When Chairman Mao challenged the “Left” opportunist line of Wang Ming in 1935 and the leader of the Chinese Communist Party, this was in no way an “opportunist, power hungry careerist” action because Chairman Mao represented the correct line and Wang Ming the “Left” deviation. Thus all inner-Party struggles must be analyzed on the plane of political line. We cannot very easily judge the subjective desires of the “gang of four” nor is it necessary for us to do so. We must analyze what line they represent and what line those who oppose them represent. Political line must be the central aspect of criticism. Chairman Mao has said; “Statements should be based on facts and criticism should center on politics.” The fact that the revisionists divert the central aspect criticism to personal attacks, rumors, and unverifiable private conversations be Chairman Mao and Chiang Ching serves as a cover for their real but covert attack Marxist-Leninist line. It is a signal of their thoroughly bankrupt revisionist line.

Two documents, Chairman Mao’s On the Ten Major Relationships and Chairman speech of December 25, 1976, are now being studied all over China as the main theoretical documents in the campaign to criticize the “gang of four” (see PR #1, 1977, p. 6) On the Ten Major Relationships is a speech that Chairman Mao made to the Political Bureau on April 25, 1956, at the time the consolidation of the socialist economic was just being completed. It is a brilliant speech that outlines ten principal as building socialism. However, the class struggle in China at that time was very different than today. The Peoples’ Communes had not been built, the Great Leap of 1958-1959 had not yet occurred. No major struggle against capitalist-road tendencies had yet emerged. Chairman Mao speaks of counter-revolutionaries that carry out sabotage of the revolution by killing cattle, burning grain, wrecking factories, stealing information, and putting up reactionary posters. With the development and construction of soc ism, the forms that class struggle take have changed considerably. In the struggle against the Right deviation in the 1957 Socialist Education Movement, the Great Proletarian Cultural Revolution, and the struggles to criticize Lin Piao and Teng Hsiao-ping, it has been clear that the main target of the class struggle of the proletariat are now the “Party persons in authority taking the capitalist road.” There are numerous works of Chairman Mao that profoundly analyze this struggle as well as the problems of socialist construction and revolution that the proletariat in China face today. The fact that the present leaders have chosen, instead, to launch a major campaign to study the 1956 work only confirms that the revisionists in China have been unwilling to accept the magnificent strides forward that the Chinese Revolution has taken in the last 20 years, particularly the Cultural Revolution.[footnote 2]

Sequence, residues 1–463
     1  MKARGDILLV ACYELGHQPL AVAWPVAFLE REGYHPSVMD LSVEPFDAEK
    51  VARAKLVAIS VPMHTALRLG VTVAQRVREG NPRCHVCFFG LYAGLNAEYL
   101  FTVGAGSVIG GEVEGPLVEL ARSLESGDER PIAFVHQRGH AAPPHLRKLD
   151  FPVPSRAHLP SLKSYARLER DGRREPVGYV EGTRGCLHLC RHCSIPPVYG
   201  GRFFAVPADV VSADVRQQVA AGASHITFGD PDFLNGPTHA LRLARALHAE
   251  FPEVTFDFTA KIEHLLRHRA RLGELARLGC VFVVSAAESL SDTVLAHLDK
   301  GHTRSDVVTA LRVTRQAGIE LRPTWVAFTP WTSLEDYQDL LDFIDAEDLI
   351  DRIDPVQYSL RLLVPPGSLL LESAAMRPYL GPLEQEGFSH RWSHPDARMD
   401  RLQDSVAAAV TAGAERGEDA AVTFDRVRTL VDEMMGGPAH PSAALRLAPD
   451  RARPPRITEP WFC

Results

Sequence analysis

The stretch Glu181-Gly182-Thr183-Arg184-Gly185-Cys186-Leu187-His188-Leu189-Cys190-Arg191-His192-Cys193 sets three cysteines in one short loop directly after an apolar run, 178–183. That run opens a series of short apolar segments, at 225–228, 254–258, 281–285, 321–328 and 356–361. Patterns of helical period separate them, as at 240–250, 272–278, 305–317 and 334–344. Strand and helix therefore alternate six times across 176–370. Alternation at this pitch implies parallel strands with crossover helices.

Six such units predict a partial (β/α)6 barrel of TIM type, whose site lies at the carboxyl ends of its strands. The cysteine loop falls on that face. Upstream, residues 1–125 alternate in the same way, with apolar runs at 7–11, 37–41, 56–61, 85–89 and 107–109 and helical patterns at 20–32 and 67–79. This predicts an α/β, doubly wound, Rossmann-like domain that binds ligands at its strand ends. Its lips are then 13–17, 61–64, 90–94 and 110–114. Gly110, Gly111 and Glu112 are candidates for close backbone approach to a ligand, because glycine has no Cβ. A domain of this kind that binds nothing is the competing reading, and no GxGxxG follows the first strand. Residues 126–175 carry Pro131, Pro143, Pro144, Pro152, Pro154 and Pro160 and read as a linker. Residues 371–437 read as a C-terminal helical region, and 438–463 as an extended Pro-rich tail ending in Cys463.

Chairman Hua’s speech, on the other hand, is definitely of the present era, but it as well does not tell us anything concrete about the present struggle. It does more to confuse than to clarify the nature of the struggle. Anyone reading only this speech would end up knowing little more than that the “gang of four” are an “ultra-Right anti-Party clique” who have now been purged.

Although the “gang of four” are called “capitalist-roaders” and “ultra-Rightists”, the spearhead of the attack is not directed at anything near the capitalist road or Right deviations. This is true for two reasons: (1) Yao Wen-yuan, Chiang Ching, Chang Chun-chiao and Wang Hung-wen did not push a Right revisionist line and did not cling to the capitalist road. Never in their entire history were any of them characterized by wanting to hang onto the old ways or pushing to consolidate capitalist relations in industry or agriculture. They were among the vanguard of the leaders during the Cultural Revolution and again in the current period were constantly arousing the masses in criticism and revolutionary struggle. (2) The current leaders are revisionists and therefore even if they could they never would launch a campaign to thoroughly study revisionism because it would only help expose their own revisionist line.

We can predict with certainty, based on the nature of the campaign against the “gang of four” and the complete reversal of the verdicts of last year’s struggle against Teng Hsiao-ping, that as long as Hua Kuo-feng and his clique are in power that there will never be another major struggle led by the Central Committee against the capitalist road tendencies such as putting profits and production in command, the “theory of productive forces,” material incentives, dependence on specialists, dependence on foreign technology, promoting irrational rules and regulations, increasing the divisions between city and country and between mental and manual labour, promoting examinations to exclude peasants and workers from school and designing schools to train an elite of professionals, encouraging a “professional” army, etc. etc. etc. The spearhead of their attack is now aimed at the Left and will remain there because they represent the bourgeoisie and defend the capitalist road line.